From the July 27 edition of Fox News' Cavuto on Business:
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Right-wing media outlets are promoting the fallacious premise that any attempts at tax reform must be revenue neutral, an idea that tax policy experts wholly reject.
On July 25, The Hill reported that Senate Majority Leader Harry Reid (D-NV) would not be involved in the tax reform process set up by Sens. Max Baucus (D-MT) and Orrin Hatch (R-UT). According to the report, Reid suggested that, while he would not be personally involved in the process, "raising nearly $1 trillion in revenue should be the starting point for any tax reform negotiations."
Responding to Reid's call for additional revenue from tax reform, The Wall Street Journal ran an editorial that suggested true tax reform must be revenue neutral:
Democrats swear they support something they call "tax reform," but until the Obama Presidency that has always meant trading lower rates for fewer loopholes.
The Journal's premise that any attempts at tax reform must inherently be revenue neutral was quickly parroted on Fox News. On the July 26 edition of Fox & Friends, Fox Business host Stuart Varney said Reid has "destroyed tax reform" and claimed "tax reform has always meant lower rates, fewer deductions."
Varney returned to this false "tax reform" narrative on Fox Business' Varney & Co. In an interview with right-wing tax opponent Grover Norquist, president of Americans for Tax Reform, Norquist stated, "as long as Harry Reid is the leader of the Senate there will be no tax reform. He wants a tax increase, instead of tax reform."
Conservative media's notion that tax reform must be revenue neutral is directly contradicted by experts.
Fox News falsely claimed that a Republican-led congressional hearing showed that an Obama appointee was personally involved in the IRS' inappropriate targeting of conservative groups requesting tax-exempt status. This desperate attempt to further the right-wing narrative that the White House directed the IRS to scrutinize conservative groups was undermined by testimony from a witness and Oversight Committee Chairman Rep. Darrel Issa (R-CA).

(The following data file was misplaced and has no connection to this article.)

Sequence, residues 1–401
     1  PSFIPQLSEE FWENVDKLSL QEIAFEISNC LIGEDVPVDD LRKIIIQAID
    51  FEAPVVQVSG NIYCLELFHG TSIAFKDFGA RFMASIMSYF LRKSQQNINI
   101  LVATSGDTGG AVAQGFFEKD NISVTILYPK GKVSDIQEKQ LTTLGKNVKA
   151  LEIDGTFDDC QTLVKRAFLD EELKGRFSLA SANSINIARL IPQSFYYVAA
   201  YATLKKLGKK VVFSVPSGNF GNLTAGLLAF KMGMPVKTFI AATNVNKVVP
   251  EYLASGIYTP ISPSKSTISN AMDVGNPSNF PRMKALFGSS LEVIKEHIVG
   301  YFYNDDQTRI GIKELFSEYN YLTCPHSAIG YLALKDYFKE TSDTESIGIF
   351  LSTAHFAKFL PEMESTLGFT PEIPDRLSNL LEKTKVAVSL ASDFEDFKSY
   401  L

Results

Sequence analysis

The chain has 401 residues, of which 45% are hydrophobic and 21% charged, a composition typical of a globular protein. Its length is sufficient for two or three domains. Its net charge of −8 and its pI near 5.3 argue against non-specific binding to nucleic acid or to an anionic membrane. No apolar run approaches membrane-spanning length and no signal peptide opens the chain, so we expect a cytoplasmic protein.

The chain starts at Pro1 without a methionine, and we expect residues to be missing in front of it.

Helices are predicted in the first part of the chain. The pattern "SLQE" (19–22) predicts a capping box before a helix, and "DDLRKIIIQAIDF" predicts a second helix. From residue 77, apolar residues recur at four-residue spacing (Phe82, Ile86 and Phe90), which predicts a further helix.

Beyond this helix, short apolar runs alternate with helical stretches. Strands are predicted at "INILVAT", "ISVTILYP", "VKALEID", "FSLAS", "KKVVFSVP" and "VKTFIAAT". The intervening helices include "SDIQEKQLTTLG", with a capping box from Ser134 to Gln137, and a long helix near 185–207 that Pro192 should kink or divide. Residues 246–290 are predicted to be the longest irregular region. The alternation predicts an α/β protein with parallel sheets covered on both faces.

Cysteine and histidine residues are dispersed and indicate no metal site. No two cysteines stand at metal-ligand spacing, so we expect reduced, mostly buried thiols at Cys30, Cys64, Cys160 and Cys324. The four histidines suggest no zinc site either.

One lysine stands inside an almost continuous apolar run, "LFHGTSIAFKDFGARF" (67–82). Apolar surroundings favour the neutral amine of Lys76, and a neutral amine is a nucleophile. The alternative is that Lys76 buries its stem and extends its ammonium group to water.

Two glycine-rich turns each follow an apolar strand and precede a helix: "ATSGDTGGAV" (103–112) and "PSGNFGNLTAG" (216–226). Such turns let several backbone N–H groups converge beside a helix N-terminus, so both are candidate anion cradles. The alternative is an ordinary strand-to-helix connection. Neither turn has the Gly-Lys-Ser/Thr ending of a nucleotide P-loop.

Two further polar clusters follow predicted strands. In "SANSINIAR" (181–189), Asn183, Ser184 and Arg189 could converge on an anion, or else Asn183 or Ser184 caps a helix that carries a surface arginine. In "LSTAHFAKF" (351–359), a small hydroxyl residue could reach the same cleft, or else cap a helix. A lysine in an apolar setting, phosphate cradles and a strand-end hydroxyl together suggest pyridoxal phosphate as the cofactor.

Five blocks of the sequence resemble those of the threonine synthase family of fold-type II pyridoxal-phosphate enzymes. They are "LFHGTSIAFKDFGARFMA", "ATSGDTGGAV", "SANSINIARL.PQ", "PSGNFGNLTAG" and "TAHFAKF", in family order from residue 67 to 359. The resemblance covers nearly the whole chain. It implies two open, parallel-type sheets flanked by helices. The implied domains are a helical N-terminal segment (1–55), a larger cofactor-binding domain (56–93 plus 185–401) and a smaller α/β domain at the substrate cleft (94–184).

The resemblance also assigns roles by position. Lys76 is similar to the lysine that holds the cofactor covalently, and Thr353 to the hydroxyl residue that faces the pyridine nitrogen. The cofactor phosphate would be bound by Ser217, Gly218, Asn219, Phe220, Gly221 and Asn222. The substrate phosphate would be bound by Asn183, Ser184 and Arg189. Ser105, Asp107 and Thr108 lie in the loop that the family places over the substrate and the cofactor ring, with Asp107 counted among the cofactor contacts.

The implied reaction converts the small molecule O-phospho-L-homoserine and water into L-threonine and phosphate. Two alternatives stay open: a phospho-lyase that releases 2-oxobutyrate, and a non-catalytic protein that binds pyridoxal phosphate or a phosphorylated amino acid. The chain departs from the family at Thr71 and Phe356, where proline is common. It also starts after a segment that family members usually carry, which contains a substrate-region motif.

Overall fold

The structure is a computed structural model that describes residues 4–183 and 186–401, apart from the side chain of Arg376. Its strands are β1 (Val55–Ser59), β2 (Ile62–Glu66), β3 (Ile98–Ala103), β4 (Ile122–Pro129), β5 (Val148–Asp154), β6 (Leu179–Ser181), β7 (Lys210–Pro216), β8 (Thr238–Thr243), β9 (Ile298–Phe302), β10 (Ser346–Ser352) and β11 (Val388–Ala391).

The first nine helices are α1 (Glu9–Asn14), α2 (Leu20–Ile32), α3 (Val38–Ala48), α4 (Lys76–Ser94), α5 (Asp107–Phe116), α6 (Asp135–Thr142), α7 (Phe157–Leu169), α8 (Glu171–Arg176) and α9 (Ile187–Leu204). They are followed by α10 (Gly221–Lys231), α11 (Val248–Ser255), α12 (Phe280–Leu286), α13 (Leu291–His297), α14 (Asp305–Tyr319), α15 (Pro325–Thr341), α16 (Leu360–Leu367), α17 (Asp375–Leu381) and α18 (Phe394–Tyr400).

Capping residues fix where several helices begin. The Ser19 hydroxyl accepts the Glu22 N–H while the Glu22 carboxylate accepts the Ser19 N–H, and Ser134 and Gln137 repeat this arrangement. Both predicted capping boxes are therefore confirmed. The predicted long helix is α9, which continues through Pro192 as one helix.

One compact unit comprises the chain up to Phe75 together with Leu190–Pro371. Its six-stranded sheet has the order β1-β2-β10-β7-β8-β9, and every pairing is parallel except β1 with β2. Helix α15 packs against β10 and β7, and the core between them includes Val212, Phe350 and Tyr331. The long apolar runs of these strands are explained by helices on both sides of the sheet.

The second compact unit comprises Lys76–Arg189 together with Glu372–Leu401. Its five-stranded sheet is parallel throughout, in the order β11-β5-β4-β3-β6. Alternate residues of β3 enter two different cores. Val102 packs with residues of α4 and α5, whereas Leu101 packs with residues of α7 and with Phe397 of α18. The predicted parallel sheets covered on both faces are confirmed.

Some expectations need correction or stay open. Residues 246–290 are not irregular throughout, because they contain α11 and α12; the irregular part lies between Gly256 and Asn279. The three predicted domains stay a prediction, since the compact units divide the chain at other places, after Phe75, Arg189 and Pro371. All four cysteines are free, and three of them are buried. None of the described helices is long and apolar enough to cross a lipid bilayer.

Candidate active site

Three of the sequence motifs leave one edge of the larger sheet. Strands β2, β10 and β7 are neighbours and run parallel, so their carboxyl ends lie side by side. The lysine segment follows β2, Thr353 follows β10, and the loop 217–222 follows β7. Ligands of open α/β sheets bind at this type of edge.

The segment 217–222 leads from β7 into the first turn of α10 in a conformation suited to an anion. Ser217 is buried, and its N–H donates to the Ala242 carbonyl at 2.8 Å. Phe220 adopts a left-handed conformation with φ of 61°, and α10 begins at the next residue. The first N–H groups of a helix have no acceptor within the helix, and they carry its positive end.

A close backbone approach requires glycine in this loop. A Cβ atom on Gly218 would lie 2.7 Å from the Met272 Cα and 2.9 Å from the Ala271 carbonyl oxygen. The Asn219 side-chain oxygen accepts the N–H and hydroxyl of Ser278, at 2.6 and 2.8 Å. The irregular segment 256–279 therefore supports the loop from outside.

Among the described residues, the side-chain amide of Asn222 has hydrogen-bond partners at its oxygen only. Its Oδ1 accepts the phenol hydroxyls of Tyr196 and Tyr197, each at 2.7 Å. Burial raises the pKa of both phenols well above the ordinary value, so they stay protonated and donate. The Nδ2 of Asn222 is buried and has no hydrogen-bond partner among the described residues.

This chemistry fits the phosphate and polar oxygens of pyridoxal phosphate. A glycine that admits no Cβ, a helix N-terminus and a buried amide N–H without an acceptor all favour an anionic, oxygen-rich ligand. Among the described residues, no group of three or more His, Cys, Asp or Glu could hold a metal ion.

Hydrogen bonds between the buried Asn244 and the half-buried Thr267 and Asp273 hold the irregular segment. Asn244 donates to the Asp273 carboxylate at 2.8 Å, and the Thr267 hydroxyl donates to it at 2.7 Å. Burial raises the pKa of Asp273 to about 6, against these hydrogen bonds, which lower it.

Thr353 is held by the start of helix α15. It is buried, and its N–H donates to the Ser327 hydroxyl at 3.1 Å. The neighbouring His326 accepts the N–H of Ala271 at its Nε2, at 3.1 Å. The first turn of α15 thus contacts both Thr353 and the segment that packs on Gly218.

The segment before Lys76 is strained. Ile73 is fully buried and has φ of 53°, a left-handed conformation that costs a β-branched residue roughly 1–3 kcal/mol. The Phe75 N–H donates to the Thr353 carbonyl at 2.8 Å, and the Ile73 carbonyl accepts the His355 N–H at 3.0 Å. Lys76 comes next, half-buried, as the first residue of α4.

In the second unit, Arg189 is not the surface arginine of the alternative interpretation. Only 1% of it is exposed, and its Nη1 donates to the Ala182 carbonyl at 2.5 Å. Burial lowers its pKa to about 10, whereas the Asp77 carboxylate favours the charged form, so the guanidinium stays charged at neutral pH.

The July 18 hearing led by Issa featured current and former Treasury and IRS employees. One of the witnesses, recently retired IRS employee Carter Hull, testified that staffers from the IRS chief counsel's office were involved in further assessing applications of groups identified as conservative that were seeking tax exempt status.
Fox & Friends co-hosts Gretchen Carlson and Steve Doocy claimed on July 19 that this testimony showed a link between the undue scrutinizing of conservative groups seeking tax-exempt status and the White House, because the IRS chief counsel is an Obama appointee. Carlson claimed that IRS Chief Counsel William Wilkins, the Obama appointee, directly reviewed Hull's work. Doocy expanded, falsely suggesting that Wilkins decided to target conservative applications, and that this may have been at the direction of someone at the White House. Co-host Brian Kilmeade added that any suggestion that Wilkins was not involved in should be viewed skeptically.
However, there is no evidence that links Wilkins to the assessment of the scrutinized applications. USA Today reported:
The IRS chief counsel, William Wilkins, is one of only two IRS officials appointed by the president. The evidence released by two congressional committees Wednesday does not prove that he had personal knowledge of the targeting of Tea Party groups but does significantly broaden the scope of IRS officials involved.
USA Today also noted that the IRS chief counsel's office is composed of 1,600 employees.
Indeed, Issa was very clear that Wilkins himself was not personally involved. In his opening statement at the hearing, he said:
ISSA: I hope that both my side of the aisle and the ranking member side of the aisle will be very careful and cautious in what we say. When I say something goes to the office of the counsel of the IRS, that is not to be construed as the office of the president, or to the counsel himself. It is important that we understand that words matter, nuances matter, and that we not go one step beyond what we know.
Hull's testimony also does not show that Wilkins was personally aware of the controversy. Hull testified that he met with staffers from the counsel's office, but made no mention of Wilkins.
The Washington Post more broadly noted that there is no evidence from the investigations and hearings about the controversy that connects the scrutinizing to the White House:
Key Republicans, including the oversight panel's chairman, Rep. Darrell Issa (R-Calif.), said the audit findings suggested that the IRS had systematically delayed tax-exemption applications for President Obama's opponents during the 2010 and 2012 election cycles. Some GOP lawmakers suggested that high-ranking administration officials must have been involved in the alleged effort.
There has been no evidence of White House involvement.